The next chapter about borrowing or loaning books is also silly to me.  I don’t loan it if I’m not ok with not getting it back – usually.  If that’s not the case, then I’ll tell you PLEASE PLEASE GET THIS BACK TO ME one day, and that only happens with someone who has already established a good track record.  If I don’t say that, you may bring it back, or just consider it a gift if you fall in love with it.  I don’t care.  I have plenty of books, and multiple copies of some of my favorites.  A book will not ruin our friendship unless you write one about me that is awful, spilling the beans that you’ve actually hated me all these years but haven’t said so because… Then, we might have issues.  That hasn’t happened to me, but I wouldn’t be surprised if it did.  And no, I don’t have anyone in mind, I’m just used to being surprised by what people think of me.

All in all, Nelson you served your purpose.  I have a new list of titles to tackle, nothing you mentioned in your book because we have entirely different reading tastes.  That’s not true.  They are similar in the way a Venn diagram is similar.  Not a Venn diagram, more like if there are four quadrants of reading (I, II, III, and IV), and I & II are two different kinds of book snobs and III & IV are polar opposites of I & II who read varying kinds of ‘unequivocal crap’, we are readers I & II.  Still, we may not have the same, identical tastes, and in real life you would probably never want to be my friend, but I enjoyed your book and it has made me voracious for the piles and piles on my own shelves again.

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Home-School Curriculum

March 15, 2010 at 5:02 pm (In So Many Words, The Whim) (, , , , , , , , )

Please read this post in its entirety before you judge.

I’m a be prepared kind of person. So even though I don’t have any kids, I want to be prepared if and when I do. With that in mind, I’d also like to say that I truly believe in the old saying (Marx was it?) that “the hand the rocks the cradle rules the world” and that if we are bothering to spit children out of our bodies, we should be prepared to be well invested in their lives AND their education. For some people, the best they can do is sending their child to learn from someone else, whether it be public school, private school, or private tutoring. I believe that a healthy combination of many things including home schooling would be best I can do for my children.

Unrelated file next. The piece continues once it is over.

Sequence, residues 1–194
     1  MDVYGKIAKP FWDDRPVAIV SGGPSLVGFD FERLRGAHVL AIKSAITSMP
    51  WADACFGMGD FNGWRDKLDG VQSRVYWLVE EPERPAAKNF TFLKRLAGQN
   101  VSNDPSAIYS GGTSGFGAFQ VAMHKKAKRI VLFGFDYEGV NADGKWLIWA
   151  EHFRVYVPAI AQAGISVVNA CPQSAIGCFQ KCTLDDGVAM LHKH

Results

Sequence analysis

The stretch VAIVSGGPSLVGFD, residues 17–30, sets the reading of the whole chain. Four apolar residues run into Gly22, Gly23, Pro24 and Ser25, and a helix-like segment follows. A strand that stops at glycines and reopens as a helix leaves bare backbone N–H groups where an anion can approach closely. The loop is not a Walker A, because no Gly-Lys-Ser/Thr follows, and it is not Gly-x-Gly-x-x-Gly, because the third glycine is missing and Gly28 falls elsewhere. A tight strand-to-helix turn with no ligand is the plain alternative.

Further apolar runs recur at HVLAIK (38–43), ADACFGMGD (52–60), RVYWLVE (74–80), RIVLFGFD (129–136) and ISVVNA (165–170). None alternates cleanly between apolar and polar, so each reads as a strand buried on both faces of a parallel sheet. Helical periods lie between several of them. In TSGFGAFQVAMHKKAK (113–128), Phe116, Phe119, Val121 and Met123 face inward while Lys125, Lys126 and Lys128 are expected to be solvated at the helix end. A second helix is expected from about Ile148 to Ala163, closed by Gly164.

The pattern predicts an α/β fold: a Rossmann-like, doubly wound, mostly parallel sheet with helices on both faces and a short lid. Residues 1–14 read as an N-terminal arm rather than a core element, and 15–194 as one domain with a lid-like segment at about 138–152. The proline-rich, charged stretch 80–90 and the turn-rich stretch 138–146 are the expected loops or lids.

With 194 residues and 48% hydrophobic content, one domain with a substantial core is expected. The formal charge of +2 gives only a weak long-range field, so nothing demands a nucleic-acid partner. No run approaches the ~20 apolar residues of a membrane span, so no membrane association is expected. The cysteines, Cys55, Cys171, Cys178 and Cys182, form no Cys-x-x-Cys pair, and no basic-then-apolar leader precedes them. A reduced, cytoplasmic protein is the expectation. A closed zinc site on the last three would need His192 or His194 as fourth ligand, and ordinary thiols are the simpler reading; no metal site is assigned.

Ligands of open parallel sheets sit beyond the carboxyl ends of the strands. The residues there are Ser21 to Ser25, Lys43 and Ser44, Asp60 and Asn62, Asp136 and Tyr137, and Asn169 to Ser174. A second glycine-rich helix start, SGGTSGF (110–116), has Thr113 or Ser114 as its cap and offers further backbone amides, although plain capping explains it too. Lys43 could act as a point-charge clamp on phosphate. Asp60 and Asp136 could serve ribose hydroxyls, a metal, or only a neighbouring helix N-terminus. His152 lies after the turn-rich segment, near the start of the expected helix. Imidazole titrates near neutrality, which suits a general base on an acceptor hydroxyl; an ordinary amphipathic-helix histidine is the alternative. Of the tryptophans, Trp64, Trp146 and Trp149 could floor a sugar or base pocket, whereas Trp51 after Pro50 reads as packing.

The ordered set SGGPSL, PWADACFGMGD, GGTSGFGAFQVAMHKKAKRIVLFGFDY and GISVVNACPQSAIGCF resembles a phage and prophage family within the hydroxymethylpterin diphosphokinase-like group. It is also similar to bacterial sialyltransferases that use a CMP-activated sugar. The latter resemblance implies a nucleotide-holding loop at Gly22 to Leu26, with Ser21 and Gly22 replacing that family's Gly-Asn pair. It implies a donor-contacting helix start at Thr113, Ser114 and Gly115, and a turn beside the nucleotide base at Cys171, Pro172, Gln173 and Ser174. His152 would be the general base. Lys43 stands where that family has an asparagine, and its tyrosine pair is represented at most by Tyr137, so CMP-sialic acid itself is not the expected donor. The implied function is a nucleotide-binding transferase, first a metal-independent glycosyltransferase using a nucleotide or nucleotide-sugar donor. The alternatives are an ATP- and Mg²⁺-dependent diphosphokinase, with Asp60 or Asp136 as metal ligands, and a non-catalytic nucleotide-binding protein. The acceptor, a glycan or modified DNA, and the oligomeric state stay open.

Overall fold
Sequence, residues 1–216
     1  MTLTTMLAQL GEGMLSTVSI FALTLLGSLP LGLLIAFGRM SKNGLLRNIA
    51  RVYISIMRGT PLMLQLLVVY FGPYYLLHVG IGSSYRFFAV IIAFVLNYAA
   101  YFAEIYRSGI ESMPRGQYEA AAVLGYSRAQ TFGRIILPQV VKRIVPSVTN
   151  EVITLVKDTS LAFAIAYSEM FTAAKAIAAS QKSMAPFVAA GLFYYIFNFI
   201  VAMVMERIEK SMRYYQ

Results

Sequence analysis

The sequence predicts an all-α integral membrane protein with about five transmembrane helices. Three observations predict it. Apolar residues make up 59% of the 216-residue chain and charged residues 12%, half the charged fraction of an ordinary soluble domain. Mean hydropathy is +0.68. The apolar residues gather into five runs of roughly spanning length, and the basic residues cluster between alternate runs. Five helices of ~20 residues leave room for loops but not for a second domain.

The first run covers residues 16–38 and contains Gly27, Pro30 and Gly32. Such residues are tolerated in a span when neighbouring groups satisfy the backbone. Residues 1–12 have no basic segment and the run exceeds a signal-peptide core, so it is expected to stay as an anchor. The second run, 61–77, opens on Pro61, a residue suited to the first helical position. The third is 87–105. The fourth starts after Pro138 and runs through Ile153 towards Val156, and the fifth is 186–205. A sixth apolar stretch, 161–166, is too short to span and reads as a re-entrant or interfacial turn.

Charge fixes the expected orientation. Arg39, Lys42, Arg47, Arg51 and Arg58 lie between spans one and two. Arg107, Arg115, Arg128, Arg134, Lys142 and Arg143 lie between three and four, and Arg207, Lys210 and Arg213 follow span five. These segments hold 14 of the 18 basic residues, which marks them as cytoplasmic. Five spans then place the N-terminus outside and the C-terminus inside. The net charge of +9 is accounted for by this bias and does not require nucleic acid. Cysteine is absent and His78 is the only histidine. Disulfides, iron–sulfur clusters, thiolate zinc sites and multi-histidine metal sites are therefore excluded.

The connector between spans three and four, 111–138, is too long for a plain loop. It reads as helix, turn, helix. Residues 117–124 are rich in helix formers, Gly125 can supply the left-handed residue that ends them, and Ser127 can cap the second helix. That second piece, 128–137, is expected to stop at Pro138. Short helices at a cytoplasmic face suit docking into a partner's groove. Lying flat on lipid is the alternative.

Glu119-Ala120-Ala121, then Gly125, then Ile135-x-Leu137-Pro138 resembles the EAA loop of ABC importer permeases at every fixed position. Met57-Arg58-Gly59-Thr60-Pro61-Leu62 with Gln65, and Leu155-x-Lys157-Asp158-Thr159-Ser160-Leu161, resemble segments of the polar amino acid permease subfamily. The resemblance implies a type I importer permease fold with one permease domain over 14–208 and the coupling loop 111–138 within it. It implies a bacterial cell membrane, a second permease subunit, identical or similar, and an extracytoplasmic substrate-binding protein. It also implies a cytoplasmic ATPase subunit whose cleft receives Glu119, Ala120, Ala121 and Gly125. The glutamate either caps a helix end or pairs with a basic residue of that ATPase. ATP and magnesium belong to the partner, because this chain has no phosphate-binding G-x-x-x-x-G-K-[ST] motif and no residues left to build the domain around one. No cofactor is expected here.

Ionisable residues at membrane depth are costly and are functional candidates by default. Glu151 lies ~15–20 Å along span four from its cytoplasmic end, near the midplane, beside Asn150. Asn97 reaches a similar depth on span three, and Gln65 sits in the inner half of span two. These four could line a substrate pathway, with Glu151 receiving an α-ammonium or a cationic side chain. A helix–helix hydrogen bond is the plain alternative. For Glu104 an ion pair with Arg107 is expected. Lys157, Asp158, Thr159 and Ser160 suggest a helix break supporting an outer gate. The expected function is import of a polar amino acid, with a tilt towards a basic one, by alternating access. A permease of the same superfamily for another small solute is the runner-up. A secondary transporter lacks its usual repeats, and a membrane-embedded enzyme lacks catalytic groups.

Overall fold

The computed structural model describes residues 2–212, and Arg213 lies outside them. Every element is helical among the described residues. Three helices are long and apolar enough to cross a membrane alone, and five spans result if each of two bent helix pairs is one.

In this post, I want to share my planned curriculum/ education plan for my children. I’m posting it because I want input. I want my fellow bloggers to pipe in and tell me what’s its missing, what they would add, etc.

So… take a look:

The Lesson Plan (2nd edition)

Staples to be exposed to: A bible verse a week, two hours of reading a day (minimum), two hours of exercise a day, one hour of cleaning or gardening a day, never more than one-two hours of television/movies per day on average.

Try to include one audio lesson per week that changes from subject to subject… perhaps a book on CD once a month.

A possible minimum of 200 volumes to read per year… count it up once the lesson plans are more specific, like the Darwin and Egypt Studies.

Ages 2-3
• 2 15 minute Kung Fu lessons through out the day
• ABC’s, 123’s, etc.
• Learn a new bible verse each week (or segments of verse)
• Practice singing various songs
• Story time for as long as you can get them to listen
• Incorporate daily “art time”

Age 4
• Start McGuffy’s primer
• Basic addition and subtraction (using objects)
• Start 30 minute Kung Fu lessons a day
• Once a week nature walks, berry picking, plant and animal identification